Dikvoormekaar said...

The destruction of savings becomes even more apparent once you start calculating inflation like we used to (
It seems that every 10 years or so, the method of calculating CPI (which we know is not inflation anyway) gets "tweaked" and, lo-and-behold, inflation numbers drop by half. So inflation is supposedly at 2%, but if you use 1990's calculation it's 5%, and if you use 1980's calculation it's 10%. This is tantamount to fraud.

The immorality of cheating seniors out of their life savings, and pressing higher prices on the poor who rely on a fixed income (at the expense of bankers and other favored elites) is almost too much to bear.

Keep up the good work, professor!

William L. Anderson said...

EU labor laws are very bad when the economy is down because they encourage businesses to shed workers when times are uncertain. No, those laws don't account for all of the unemployment, but they account for a lot of it in places like Spain.

Furthermore, much of the "austerity" is aimed at propping up the banks, and it includes large tax increases, which are the wrong thing to do at this time.

So, no, I don't "lose."

ayassos said...

You asked the question which has been on my mind as I wade through Krugman's swamp of internal contradictions. He's been quite clear that the U.S. is engaged in "austerity" in the form of slowing down the rate of govt. expense increases. Yet despite this ill-informed, non-Keynesian approach, the U.S. economy continues to make "real headway." I guess this is where Krugman's doctrinaire beliefs are confounded by his Democratic cheerleading. He wants to give Obama credit for a robust recovery (while simultaneously claiming that we remain "deeply depressed"), yet claim that the actual federal govt. budgetary approaches are all wrong because the deficits remain too low. I guess this why he doesn't use too many numbers in his analysis: by keeping it all qualitative and adjective-driven, he can say anything he wants and retain deniability later.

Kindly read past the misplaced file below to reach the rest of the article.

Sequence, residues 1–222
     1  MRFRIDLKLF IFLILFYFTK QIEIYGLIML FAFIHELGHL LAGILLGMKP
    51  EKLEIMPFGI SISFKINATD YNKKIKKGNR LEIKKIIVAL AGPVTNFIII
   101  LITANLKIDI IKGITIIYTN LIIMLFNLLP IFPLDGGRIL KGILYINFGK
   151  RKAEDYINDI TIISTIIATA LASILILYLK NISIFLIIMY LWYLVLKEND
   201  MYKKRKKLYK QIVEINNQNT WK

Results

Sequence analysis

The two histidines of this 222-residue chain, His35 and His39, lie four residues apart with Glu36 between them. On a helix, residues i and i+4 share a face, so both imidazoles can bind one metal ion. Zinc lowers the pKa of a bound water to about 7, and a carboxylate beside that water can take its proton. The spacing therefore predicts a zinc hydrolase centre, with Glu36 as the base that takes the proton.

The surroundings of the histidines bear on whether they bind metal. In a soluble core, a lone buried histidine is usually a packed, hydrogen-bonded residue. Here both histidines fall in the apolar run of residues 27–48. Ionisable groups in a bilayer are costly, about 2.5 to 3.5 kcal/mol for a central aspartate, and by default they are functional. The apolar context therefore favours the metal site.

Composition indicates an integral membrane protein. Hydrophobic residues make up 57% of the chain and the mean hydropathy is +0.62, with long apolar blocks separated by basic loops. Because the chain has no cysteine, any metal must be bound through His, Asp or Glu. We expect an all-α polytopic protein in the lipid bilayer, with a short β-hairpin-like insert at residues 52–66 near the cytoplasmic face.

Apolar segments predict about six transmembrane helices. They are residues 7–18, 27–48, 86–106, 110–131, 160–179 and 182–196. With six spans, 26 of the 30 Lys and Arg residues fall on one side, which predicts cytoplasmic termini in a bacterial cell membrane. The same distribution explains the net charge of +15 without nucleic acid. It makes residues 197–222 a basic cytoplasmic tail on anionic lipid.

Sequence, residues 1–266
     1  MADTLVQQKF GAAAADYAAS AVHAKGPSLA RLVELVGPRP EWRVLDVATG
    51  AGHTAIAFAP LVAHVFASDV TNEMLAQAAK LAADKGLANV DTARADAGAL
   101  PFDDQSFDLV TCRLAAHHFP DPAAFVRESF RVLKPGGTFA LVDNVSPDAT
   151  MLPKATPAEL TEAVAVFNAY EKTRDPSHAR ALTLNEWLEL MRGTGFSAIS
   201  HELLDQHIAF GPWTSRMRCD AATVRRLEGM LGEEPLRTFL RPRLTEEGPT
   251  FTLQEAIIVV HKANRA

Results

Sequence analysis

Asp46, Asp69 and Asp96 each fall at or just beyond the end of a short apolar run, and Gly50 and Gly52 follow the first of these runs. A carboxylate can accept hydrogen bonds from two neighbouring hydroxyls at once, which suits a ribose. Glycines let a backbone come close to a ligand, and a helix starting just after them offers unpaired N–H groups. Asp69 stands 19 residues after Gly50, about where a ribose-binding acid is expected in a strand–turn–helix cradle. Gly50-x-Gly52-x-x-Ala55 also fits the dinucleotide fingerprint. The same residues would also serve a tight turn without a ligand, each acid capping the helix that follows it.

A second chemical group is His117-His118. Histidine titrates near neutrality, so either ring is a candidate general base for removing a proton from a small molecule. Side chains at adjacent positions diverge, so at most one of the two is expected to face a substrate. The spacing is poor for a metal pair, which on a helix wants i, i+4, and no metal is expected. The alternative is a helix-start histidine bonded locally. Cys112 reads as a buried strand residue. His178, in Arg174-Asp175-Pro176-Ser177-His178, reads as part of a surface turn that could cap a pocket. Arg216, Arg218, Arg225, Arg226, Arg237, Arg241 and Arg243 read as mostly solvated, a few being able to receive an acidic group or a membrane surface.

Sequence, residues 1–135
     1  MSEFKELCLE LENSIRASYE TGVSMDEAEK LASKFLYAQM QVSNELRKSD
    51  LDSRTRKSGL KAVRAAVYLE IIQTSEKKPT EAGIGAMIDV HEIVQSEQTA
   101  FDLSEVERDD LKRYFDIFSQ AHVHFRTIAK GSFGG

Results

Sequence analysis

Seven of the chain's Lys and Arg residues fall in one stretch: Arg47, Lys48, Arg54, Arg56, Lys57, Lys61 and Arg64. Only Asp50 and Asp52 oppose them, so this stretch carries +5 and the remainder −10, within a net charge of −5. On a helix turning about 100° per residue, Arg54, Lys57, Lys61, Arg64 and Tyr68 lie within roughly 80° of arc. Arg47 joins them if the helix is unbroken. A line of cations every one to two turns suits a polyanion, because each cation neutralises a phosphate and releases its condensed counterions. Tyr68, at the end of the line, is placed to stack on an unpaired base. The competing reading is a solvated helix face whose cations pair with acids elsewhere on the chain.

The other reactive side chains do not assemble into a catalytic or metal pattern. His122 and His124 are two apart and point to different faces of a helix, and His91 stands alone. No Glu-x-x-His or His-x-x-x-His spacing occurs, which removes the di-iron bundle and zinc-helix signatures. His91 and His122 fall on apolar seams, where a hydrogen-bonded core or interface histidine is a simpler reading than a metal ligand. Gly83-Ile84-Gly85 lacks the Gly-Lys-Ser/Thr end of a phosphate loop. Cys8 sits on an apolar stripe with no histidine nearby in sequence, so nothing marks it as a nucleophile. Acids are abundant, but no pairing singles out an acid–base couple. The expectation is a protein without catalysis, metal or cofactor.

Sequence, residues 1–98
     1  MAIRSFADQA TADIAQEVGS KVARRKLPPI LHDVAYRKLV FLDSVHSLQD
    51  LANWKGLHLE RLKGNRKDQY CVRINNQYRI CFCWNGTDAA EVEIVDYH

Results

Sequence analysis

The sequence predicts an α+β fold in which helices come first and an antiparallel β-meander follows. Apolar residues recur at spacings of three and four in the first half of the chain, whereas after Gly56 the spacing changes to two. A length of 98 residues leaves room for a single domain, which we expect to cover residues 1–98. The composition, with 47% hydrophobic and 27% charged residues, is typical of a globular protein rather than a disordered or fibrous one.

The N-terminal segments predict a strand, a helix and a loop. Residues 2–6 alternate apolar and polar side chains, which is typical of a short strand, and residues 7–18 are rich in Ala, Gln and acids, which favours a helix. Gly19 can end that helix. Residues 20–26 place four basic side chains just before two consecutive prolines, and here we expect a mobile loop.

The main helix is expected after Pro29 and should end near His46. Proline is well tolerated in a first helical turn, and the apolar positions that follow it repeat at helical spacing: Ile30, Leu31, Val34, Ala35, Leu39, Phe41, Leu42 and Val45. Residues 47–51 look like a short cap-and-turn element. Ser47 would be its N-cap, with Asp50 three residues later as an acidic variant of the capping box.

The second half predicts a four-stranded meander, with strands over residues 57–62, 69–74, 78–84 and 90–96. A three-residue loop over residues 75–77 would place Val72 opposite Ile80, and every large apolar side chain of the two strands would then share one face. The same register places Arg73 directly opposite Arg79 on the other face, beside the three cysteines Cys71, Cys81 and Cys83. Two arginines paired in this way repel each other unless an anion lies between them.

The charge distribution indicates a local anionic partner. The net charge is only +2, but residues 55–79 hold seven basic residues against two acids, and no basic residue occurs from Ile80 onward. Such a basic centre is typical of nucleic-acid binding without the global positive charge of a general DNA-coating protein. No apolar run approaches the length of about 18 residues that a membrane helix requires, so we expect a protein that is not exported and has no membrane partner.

KSB said...

"Explain Europe and their diverging fortunes with the U.S. then."

Europe isn't running a world wide military empire and didn't gleefully gut their industrial base, for starters.

But that's really not the nitty gritty of economic policy. Let's take a look at how Sweden jump started its economy when it began to sag.

- Across the board tax cuts with high income earners getting the most relief

- Reductions in government expenditures and selling off of unprofitable state run businesses to the private sector

- Refusal to adopt the Euro and instead standing by their local currency with the Swedish Central bank perusing a strict anti-inflation policy.

Yup, the Austrian school really has egg on their face now.

Pulverized Concepts said...

For the umpteenth time, and Nancy Pelosi pay particular attention, unemployment insurance benefits don't stimulate anything. Recipients instead make payments on existing obligations: rent and mortgage, car payments, cell phone and cable television contracts, electricity, gas and water service and cemetery plots. A smaller percentage might go for groceries and cigarettes, which are already part of the individual budget. Additionally, large numbers of the unemployed are seasonal workers and collect their UI every year, including federal employees like forest fire fighters. They consider UI benefits a normal part of their income.